The Fire Operations division is responsible for the majority of the activity in the Honolulu Fire Department in addition to multimission, emergency responses for the island of Oahu.
The Fire Operations division is comprised of the fire suppression force and is under the direction of an Assistant Chief and 17 Battalion Chiefs. The Fire Operations division is divided into three platoons. A platoon is the complement of approximately 332 fire fighters on any given day. The total number of companies in a platoon is 43 engine companies, 16 aerial companies, 2 rescue companies, 2 hazardous materials companies, 5 tankers, 3 helicopters, and 1 helicopter tender. Each platoon is divided into five battalions and headed by a Battalion Chief. Each Battalion Chief oversees approximately 12 companies.
The Fire Operations division also participates in the following nonemergency activities to enhance public safety and maintain response readiness:
The Fire Operations division responds to emergencies, including, but not limited to, the following:
Engines are the backbone and most common apparatus (43 in total) in the Honolulu Fire Department. The engine is also called a pumper because it pumps water from its internal water tank or a fire hydrant.
The main characteristic of a tillered ladder apparatus is the turntable-mounted aerial ladder (101 feet). A tillered ladder requires two drivers. The driver in the front is called the apparatus operator who steers the front wheels. The driver in the rear is called the tillerman who steers the rear wheels. The apparatus operator also maneuvers the aerial ladder when needed.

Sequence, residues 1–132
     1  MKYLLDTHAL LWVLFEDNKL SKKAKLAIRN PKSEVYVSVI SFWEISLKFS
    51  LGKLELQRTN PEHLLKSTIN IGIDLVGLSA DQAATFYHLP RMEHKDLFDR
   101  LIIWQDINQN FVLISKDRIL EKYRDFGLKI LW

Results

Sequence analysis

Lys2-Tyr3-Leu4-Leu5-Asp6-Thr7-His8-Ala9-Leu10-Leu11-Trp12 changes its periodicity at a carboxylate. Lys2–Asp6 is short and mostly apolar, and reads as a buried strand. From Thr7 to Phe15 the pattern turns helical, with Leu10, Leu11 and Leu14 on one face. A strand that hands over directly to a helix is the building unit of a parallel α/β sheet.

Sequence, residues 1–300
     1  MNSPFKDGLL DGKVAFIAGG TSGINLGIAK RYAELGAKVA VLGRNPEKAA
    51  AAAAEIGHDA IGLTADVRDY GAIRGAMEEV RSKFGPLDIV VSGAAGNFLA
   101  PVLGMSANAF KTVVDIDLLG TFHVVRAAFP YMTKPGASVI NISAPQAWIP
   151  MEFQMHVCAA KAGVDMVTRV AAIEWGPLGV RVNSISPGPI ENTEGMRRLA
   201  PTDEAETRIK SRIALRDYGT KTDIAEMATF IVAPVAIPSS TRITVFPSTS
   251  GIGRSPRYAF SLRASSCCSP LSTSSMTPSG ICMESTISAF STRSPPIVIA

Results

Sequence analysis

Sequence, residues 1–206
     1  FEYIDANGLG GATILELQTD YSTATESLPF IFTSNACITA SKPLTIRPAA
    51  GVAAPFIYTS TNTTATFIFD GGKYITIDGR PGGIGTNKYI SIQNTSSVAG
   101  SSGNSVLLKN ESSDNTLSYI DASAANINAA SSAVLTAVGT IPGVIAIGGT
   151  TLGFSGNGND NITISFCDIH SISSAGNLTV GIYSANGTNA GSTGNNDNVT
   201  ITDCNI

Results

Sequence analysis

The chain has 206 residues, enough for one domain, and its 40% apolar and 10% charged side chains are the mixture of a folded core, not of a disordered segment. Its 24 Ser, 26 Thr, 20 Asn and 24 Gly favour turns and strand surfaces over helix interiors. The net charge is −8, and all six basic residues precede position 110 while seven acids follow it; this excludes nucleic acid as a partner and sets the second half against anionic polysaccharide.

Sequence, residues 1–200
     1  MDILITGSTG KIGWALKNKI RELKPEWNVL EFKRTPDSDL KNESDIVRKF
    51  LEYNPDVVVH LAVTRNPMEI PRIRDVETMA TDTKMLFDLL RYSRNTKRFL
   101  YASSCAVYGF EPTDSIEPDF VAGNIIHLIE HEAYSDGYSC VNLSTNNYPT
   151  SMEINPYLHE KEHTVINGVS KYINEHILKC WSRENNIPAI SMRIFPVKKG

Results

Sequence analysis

The Tower apparatus has an elevated platform attached to the top of the aerial ladder (85 feet). The elevated platform can be maneuvered by an operator at the base of the ladder or by an operator standing on the platform.
Quint is short for quintuple combination pumper because these apparatuses have five functions. A quint provides a pump, a water tank, a fire hose, an aerial ladder (75 feet), and ground ladders.
Tankers can pump or supply water at an emergency. They can carry approximately 2,000 gallons of water. Tankers are a crucial resource when there aren’t any fire hydrants available.
The hazardous materials apparatus carries equipment to detect and mitigate chemical, biological, radiological, nuclear, and explosive-related (CBRNE) incidents. Hazardous materials personnel have extensive training and immense technical knowledge that are needed to mitigate CBRNE incidents. Hazardous materials personnel must sometimes wear fully encapsulated suits to enter hazardous areas.
The Search and Rescue apparatus is often seen towing a rescue boat. Rescue personnel are trained to use specialized equipment and techniques to rescue people in extremely hazardous locations, such as steep mountainous terrain, confined spaces, deep trenches, bodies of water, and entangled in machinery or vehicles. The rescue boat is used for ocean rescues and searches. Rescue personnel have extensive training, superior technical skills, and sometimes operate in extremely hazardous conditions.
The helicopter is dispatched to provide air support for rescue missions and wildland fires. To rescue people from mountainous terrain or the ocean, the crew may lower rescue personnel from the helicopter. They respond to emergencies from the mountain to the sea, up to three miles offshore. For wildland fires in mountainous areas, a light-weight, collapsible container is attached for water drops.
A rapid response vehicle is a full-sized pickup truck utilized for emergency response and equipped with emergency lights and sirens and badged with high-visibility reflective wrap. Rapid response vehicles are primarily used for medical and public assist incidents. The rapid response vehicles may also be deployed to large-scale surge operations, such as natural disasters.
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Honolulu Fire Department
Sheldon K. HaoFire Chief
Jason SamalaDeputy Fire Chief
636 South StreetHonolulu, HI 96813(808) 723-7139